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From Drew Kutcharian <>
Subject Re: Document storage
Date Thu, 29 Mar 2012 18:05:23 GMT
Hi Ben,

Sure, there's nothing really to it, but I'll email it to you. As far as why I'm using Snappy
on the type instead of sstable_compression is because when you set sstable_compression the
compression happens on the Cassandra nodes and I see two advantages with my approach:

1. Saving extra CPU usage on the Cassandra nodes. Since compression/decompression can easily
be done on the client nodes where there is plenty idle CPU time

2. Saving network bandwidth since you're sending over a compressed byte[]

One thing to note about my approach is that when I define the schema in Cassandra, I define
the columns as byte[] and not my custom type and I do all the conversion on the client side.

-- Drew

On Mar 29, 2012, at 12:04 AM, Ben McCann wrote:

> Sounds awesome Drew.  Mind sharing your custom type?  I just wrote a basic
> JSON type and did the validation the same way you did, but I don't have any
> SMILE support yet.  It seems that if your type were committed to the
> Cassandra codebase then the issue you ran into of the CLI only supporting
> built-in types would no longer be a problem for you (though fixing the
> issue anyway would be good and I voted for it).  Btw, any reason you
> compress it with Snappy yourself instead of just setting sstable_compression
> to SnappyCompressor<>and
> letting Cassandra do that part?
> -Ben
> On Wed, Mar 28, 2012 at 11:28 PM, Drew Kutcharian <> wrote:
>> I'm actually doing something almost the same. I serialize my objects into
>> byte[] using Jackson's SMILE format, then compress it using Snappy then
>> store the byte[] in Cassandra. I actually created a simple Cassandra Type
>> for this but I hit a wall with cassandra-cli:
>> Please vote on the JIRA if you are interested.
>> Validation is pretty simple, you just need to read the value and parse it
>> using Jackson, if you don't get any exceptions you're JSON/Smile is valid ;)
>> -- Drew
>> On Mar 28, 2012, at 9:28 PM, Ben McCann wrote:
>>> I don't imagine sort is a meaningful operation on JSON data.  As long as
>>> the sorting is consistent I would think that should be sufficient.
>>> On Wed, Mar 28, 2012 at 8:51 PM, Edward Capriolo <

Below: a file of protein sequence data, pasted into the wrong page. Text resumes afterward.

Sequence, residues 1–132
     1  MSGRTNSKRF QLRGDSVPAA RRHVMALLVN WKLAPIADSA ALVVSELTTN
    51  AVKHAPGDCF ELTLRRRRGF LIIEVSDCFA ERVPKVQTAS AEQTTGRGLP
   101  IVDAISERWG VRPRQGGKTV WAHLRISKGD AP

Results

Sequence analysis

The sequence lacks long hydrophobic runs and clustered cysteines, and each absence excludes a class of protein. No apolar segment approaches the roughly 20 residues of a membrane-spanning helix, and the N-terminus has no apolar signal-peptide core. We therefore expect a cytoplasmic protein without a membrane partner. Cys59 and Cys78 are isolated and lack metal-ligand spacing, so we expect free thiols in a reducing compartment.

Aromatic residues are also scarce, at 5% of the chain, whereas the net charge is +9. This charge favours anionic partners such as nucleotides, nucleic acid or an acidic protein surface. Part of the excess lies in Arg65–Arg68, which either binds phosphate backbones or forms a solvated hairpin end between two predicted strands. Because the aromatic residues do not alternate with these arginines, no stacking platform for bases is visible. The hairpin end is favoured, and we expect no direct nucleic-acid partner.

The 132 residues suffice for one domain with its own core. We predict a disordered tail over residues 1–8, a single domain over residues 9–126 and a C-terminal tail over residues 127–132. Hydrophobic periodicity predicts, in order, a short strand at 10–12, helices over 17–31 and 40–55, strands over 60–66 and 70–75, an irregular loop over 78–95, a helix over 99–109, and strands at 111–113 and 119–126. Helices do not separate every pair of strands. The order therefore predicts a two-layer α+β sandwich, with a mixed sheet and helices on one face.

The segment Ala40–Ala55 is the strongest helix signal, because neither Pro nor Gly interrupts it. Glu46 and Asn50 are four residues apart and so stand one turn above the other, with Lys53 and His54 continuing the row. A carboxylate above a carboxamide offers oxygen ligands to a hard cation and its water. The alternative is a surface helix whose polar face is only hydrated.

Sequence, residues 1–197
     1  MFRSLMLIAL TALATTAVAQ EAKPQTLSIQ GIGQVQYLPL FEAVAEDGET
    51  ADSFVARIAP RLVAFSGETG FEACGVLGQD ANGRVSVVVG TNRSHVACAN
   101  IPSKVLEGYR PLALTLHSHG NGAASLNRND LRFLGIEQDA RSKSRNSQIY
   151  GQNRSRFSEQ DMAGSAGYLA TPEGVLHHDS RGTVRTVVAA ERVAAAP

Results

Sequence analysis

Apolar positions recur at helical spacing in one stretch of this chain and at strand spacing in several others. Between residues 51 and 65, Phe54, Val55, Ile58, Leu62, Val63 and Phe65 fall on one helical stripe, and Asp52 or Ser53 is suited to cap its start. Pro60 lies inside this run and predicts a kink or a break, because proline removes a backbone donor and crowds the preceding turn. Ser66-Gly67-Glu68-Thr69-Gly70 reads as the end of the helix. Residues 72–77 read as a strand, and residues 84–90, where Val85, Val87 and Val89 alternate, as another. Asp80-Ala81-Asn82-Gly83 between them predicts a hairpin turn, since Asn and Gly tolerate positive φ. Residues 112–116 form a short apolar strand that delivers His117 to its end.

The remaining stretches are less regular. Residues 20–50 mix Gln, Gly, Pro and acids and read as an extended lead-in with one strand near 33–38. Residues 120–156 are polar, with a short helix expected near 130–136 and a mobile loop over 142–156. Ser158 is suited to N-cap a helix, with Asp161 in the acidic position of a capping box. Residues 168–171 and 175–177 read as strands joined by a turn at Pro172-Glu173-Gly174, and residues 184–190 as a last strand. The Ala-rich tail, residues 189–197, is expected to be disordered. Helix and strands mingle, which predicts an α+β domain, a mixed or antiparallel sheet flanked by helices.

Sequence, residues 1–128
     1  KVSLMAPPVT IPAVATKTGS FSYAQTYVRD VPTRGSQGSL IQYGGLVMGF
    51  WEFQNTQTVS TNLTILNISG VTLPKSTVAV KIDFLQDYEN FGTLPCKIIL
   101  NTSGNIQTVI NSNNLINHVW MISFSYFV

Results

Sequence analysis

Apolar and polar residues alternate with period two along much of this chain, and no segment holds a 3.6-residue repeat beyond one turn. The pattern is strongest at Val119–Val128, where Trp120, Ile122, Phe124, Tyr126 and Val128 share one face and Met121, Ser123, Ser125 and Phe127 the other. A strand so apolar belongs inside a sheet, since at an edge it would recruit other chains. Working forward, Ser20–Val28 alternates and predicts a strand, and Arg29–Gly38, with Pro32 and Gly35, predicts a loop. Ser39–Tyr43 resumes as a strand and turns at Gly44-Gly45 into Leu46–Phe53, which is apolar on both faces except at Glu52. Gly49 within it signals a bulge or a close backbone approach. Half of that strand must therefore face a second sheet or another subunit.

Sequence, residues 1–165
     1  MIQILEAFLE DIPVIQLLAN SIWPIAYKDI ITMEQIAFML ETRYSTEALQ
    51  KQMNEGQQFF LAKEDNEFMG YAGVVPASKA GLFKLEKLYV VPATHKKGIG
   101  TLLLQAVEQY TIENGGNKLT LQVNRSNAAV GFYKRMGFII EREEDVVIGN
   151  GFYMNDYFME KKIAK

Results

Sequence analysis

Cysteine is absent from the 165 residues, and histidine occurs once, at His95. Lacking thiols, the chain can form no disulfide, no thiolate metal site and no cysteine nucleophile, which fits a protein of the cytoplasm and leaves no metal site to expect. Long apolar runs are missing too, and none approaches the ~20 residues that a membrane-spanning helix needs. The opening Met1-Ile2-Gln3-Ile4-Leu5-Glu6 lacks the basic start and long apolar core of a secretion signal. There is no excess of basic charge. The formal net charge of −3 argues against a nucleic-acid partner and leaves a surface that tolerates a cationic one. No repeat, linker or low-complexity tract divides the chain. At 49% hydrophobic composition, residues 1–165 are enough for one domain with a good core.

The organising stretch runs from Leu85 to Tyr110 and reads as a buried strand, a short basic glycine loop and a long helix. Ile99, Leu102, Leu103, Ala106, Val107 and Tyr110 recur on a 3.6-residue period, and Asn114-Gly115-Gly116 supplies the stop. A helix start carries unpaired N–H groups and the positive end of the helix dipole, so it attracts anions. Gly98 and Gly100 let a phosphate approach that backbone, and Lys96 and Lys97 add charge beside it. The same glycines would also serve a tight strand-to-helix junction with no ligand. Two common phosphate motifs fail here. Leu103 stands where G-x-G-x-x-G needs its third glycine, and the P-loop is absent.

>>> wrote:
>>>> Some work I did stores JSON blobs in columns. The question on JSON
>>>> type is how to sort it.
>>>> On Wed, Mar 28, 2012 at 7:35 PM, Jeremy Hanna
>>>> <> wrote:
>>>>> I don't speak for the project, but you might give it a day or two for
>>>> people to respond and/or perhaps create a jira ticket.  Seems like
>> that's a
>>>> reasonable data type that would get some traction - a json type.
>> However,
>>>> what would validation look like?  That's one of the main reasons there
>> are
>>>> the data types and validators, in order to validate on insert.
>>>>> On Mar 29, 2012, at 12:27 AM, Ben McCann wrote:
>>>>>> Any thoughts?  I'd like to submit a patch, but only if it will be
>>>> accepted.
>>>>>> Thanks,
>>>>>> Ben
>>>>>> On Wed, Mar 28, 2012 at 8:58 AM, Ben McCann <>
>> wrote:
>>>>>>> Hi,
>>>>>>> I was wondering if it would be interesting to add some type of
>>>>>>> document-oriented data type.
>>>>>>> I've found it somewhat awkward to store document-oriented data
>>>>>>> Cassandra today.  I can make a JSON/Protobuf/Thrift, serialize
>> and
>>>>>>> store it, but Cassandra cannot differentiate it from any other
>>>> or
>>>>>>> byte array.  However, if my column validation_class could be
>> JsonType
>>>>>>> that would allow tools to potentially do more interesting
>>>> introspection on
>>>>>>> the column value.  E.g. bug 3647<
>>>>>calls for
>> supporting
>>>> arbitrarily nested "documents" in CQL.  Running a
>>>>>>> query against the JSON column in Pig is possible as well, but
>> in
>>>> this
>>>>>>> use case it would be helpful to be able to encode in column metadata
>>>> that
>>>>>>> the column is stored as JSON.  For debugging, running nightly
>> reports,
>>>> etc.
>>>>>>> it would be quite useful compared to the opaque string and byte
>>>> types
>>>>>>> we have today.  JSON is appealing because it would be easy to
>>>> implement.
>>>>>>> Something like Thrift or Protocol Buffers would actually be
>> interesting
>>>>>>> since they would be more space efficient.  However, they would
>> be
>>>> a
>>>>>>> bit more difficult to implement because of the extra typing
>> information
>>>>>>> they provide.  I'm hoping with Cassandra 1.0's addition of
>> compression
>>>> that
>>>>>>> storing JSON is not too inefficient.
>>>>>>> Would there be interest in adding a JsonType?  I could look at
>> putting
>>>> a
>>>>>>> patch together.
>>>>>>> Thanks,
>>>>>>> Ben

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